Oklahoma militia joins Bundy ranch defenders against feds
Earlier this month, a weeklong confrontation between the two parties began when armed federal officials under the US Bureau of Land Management attempted to seize nearly 1,000 of Bundy's cattle, as authorized by a court order. As RT reported previously, the BLM claims Bundy owes the government about $1 million since he stopped paying the fees associated with allowing his cattle graze on federal land in the early 1990s.
Bundy, meanwhile, argues the land his cattle graze on has belonged to his family since the 1870s, and that he’s not obligated to pay the government anything.
"I don't believe I owe one penny to the United States government," Bundy said earlier this month. “I don't have a contract with the United States government."
After roughly 1,000 protesters – gun-rights activists, as well as militia members from California, Idaho, and others – arrived at the scene in support of Bundy, the BLM halted its confiscation effort. Hundreds of cattle had been rounded up at that point, but they were released back into Bundy’s custody.
Now, though, members of the Oklahoma militia are saying the claim against Bundy is illegal, and that they would stand alongside the Nevada rancher even if it meant taking up arms against the federal government.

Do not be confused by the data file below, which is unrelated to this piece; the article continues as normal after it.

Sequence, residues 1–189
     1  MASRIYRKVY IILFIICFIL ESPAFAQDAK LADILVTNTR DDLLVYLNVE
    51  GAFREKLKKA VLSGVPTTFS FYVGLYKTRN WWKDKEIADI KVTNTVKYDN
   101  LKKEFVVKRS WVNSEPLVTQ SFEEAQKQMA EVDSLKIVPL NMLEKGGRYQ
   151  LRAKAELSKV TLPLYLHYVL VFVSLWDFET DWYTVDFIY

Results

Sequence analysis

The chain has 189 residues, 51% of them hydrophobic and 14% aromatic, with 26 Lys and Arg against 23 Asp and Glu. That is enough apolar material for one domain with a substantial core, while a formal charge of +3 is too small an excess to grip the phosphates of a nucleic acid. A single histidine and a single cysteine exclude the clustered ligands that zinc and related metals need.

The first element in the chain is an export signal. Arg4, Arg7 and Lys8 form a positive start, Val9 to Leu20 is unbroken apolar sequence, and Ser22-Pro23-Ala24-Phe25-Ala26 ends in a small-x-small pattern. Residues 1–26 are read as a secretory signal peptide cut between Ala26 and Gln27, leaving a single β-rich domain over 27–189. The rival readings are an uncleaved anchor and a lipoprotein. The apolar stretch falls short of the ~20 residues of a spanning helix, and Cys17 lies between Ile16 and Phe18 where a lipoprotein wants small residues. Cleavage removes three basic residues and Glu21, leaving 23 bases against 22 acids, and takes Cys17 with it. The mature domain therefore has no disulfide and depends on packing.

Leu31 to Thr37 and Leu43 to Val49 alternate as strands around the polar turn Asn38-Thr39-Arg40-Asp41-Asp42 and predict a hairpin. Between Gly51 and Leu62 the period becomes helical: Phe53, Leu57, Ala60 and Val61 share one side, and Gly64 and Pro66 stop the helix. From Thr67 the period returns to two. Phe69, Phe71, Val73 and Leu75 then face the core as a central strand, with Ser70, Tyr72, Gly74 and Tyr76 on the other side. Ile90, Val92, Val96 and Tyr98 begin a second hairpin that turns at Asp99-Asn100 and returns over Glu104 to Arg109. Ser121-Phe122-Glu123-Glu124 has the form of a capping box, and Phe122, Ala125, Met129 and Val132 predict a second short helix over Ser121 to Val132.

“Evidently in America we don’t actually own the property anymore if you ever did,” militia member Scott Shaw told local news station KFOR. “It’s up to the feds. The ball’s in their court! You can do this legally or if you want to try to do a land grab violently, you can do that. We’re going to resist you!”
Although Oklahoma has yet to face a similar conflict with the government, Shaw added that members are worried about what will happen in the future.
“Just look around the country, they are doing it everywhere,” he said. “If they can do it in Nevada, they can do it in Colorado, Texas. I mean, what’s to stop them from coming to Oklahoma? The only thing to stop them is ‘We the People’.”
While the standoff has ceded into the background for now, BLM spokesman Craig Leff told the Associated Press the agency will continue to make its case “administratively and judicially,” presumably meaning that further action in the court system is upcoming.
Speaking to KFOR, Sen. Jim Inhofe (R-Okla.) said both sides were to blame for the current situation.
“You’ve got a bunch of people there trying to take the law into their own hands and they shouldn’t be doing that. And the Bureau of Land Management is not government-owned, it’s publicly owned. There’s a big difference there. I blame both sides.”